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Make it appeal to Petula Clark

Manteca council envisions a ‘destination’ downtown

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Make it appeal to Petula Clark

Downtown Manteca looking west into the 200 block of West Yosemite Avenue.

HIME ROMERO/Bulletin file photo

POSTED April 12, 2014 1:09 a.m.

It’s not 1918 anymore.

It’s 2014.

And accordingly Manteca’s elected leaders such as Councilman Vince Hernandez believe the time is long overdue to switch downtown’s perceived emphasis from a traditional retail and service hub to one that is built on dining, entertainment, and shops designed for specialty shopping.

In other words, Manteca needs a downtown that Petula Clark would sing the praises of to the world.

It’s why the Manteca City Council last month indentified working for a more vibrant downtown as part of an overall ongoing municipal goal of establishing and maintaining a sound economic base.

Pursuing a more vibrant downtown as a municipal goal is nothing new. It’s almost as old as the city itself. What is a change, though, is for the first time in at least 20 years council members are stating at a public meeting that they want the city to take the initial steps to assume a leadership role to make things happen. Even when the city sunk more than $4 million into downtown upgrades starting over a decade ago through streetscape improvements and enhancements to Library Park, the city waited to move forward until there was a movement among those with a vested interests in downtown to get involved.

Now, judging from the council’s recent goals workshop, elected leaders want the city to devote more attention than they have been recently at trying to come up with working solutions to pump new life into downtown.

“We need to take downtown from 1914 into 2014 and make it a destination place,” Hernandez said referencing the more traditional retail/service mix that still dominates downtown.

As such Hernandez feels that handicaps some, but not all, merchants who aren’t able to compete head-to-head with similar retailers and such in strip malls and other newer shopping areas in Manteca.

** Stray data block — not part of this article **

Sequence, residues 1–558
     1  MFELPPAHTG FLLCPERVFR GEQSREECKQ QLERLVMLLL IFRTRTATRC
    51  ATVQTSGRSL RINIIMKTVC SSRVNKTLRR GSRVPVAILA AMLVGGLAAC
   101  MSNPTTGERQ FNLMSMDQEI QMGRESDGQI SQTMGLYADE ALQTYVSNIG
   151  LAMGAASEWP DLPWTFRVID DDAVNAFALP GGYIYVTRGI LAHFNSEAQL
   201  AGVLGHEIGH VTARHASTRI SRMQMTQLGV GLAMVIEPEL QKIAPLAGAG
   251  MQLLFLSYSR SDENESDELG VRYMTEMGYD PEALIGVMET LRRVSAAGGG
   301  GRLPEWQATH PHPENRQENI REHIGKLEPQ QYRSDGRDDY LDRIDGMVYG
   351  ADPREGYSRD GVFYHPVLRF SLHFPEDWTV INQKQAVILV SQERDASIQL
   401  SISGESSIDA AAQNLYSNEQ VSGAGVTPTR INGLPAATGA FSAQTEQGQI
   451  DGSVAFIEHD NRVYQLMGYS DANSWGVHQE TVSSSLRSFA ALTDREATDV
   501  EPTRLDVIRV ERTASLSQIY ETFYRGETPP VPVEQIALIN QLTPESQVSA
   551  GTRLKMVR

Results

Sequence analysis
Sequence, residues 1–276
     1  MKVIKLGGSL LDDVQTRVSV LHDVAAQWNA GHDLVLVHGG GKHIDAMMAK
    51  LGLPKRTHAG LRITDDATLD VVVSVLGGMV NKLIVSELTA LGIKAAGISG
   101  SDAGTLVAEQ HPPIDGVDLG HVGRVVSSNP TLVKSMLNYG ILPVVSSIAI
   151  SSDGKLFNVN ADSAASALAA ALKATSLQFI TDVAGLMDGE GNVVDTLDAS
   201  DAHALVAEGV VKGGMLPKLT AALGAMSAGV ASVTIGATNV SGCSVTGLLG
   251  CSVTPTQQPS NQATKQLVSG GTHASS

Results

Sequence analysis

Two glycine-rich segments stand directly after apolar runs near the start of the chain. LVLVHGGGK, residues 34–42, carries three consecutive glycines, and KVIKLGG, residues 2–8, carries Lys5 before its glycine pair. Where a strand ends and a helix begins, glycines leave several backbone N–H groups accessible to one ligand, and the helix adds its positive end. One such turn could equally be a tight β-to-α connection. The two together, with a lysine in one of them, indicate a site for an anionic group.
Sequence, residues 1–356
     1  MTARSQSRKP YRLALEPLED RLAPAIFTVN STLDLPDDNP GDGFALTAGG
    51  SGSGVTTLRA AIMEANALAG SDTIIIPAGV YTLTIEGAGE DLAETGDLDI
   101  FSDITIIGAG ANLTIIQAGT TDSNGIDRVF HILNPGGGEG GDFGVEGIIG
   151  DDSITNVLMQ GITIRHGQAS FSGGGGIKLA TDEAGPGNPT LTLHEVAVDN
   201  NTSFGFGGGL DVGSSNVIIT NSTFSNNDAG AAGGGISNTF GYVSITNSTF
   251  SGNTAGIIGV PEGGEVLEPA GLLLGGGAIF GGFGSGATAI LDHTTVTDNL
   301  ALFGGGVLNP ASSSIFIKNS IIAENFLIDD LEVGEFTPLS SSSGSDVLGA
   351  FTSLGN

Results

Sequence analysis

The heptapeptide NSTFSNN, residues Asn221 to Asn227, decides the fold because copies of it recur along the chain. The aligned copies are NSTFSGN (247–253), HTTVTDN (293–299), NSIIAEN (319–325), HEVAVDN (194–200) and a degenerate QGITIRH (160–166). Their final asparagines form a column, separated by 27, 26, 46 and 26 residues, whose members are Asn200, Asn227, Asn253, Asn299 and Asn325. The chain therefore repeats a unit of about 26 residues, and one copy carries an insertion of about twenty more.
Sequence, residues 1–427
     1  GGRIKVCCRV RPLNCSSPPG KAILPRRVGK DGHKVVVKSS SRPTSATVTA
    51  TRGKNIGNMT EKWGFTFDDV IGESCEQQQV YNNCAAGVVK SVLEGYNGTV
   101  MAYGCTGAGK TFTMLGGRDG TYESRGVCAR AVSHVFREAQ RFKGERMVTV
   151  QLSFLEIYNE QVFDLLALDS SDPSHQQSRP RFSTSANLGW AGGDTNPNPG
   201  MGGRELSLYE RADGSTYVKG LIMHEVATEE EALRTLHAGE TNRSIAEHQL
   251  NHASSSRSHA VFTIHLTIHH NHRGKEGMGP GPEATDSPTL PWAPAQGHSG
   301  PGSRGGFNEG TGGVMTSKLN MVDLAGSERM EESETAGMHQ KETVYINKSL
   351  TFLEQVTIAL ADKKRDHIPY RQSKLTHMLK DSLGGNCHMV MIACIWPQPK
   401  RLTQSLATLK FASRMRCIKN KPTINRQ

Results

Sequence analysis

Hernandez praised several traditional retailers including Tipton’s that he noted have partially turned themselves into a “boutique” style business by offering items and service that their newer competitors such as OfficeMax, Staples, and various big box retailers that dabble in  office supplies don’t. 

“Others like OfficeMax will suggest to their customers to try Tipton’s when they have something they can’t help them with,” Hernandez noted.

He also praised Tipton’s personalized delivery service.

Hernandez noted the city hasn’t been standing idly by. In addition to streetscape improvements in recent years the city has invested in the transit station doubling as a gathering place plus has significantly expanded Library Park in a bid to accommodate more events that in turn will attract more people downtown. He also noted that seniors, including ones that have recently moved to Manteca to neighborhoods such as Del Webb at Woodbridge, tend to like downtown.

Hernandez said downtown was successful for 50 or so years as a retail hub but changing times needs to make it more focused on becoming “the place to be” such as is the case in Pleasanton, Livermore, Lodi, and other similar-sized cities.

Councilman Steve DeBrum related a conversation he had with a key employer in Manteca who was trying to persuade someone to come to work for them in a critical position. But instead of taking the prospective employee into the central district for lunch he opted to take them to Del Rio Country Club out of fear the prospective employee would get a negative image of the community.

“It’s not eye appealing,” DeBrum said of downtown.

The challenge, he said, is to find a way to prompt people to say, “by golly, this is a beautiful city.”

“We need to make downtown Manteca a destination point,” DeBrum. “It needs to be where people want to mingle and gather.”

Councilman John Harris agreed with his colleagues.

“Over the years the city has put a lot of money into downtown,” Harris added. “In my view, the out-of-town property owners haven’t stepped up to the plate.”

Mayor Willie Weatherford added that strategies that would encourage more restaurants and venues that make downtown a gathering place are key.

“Downtown is near and dear to all of us,” Weatherford said.

Councilman Debby Moorhead and DeBrum went a step further and suggested two starting points for the city’s efforts regarding downtown.

One would be studying the possibility of one-way streets to not simply move traffic more efficiently but set the stage for other improvements to enhance its pedestrian friendliness. They’d also like to see studies and recommendations to adopt an economic development plan for specific areas in Manteca such as downtown.

Staff suggested in draft goals that the city might start with evaluating the placement of limits on uses in downtown’s core. In the past, some merchants have complained ventures such as tattoo shops create the wrong image and make it tough to attract destination-style businesses.

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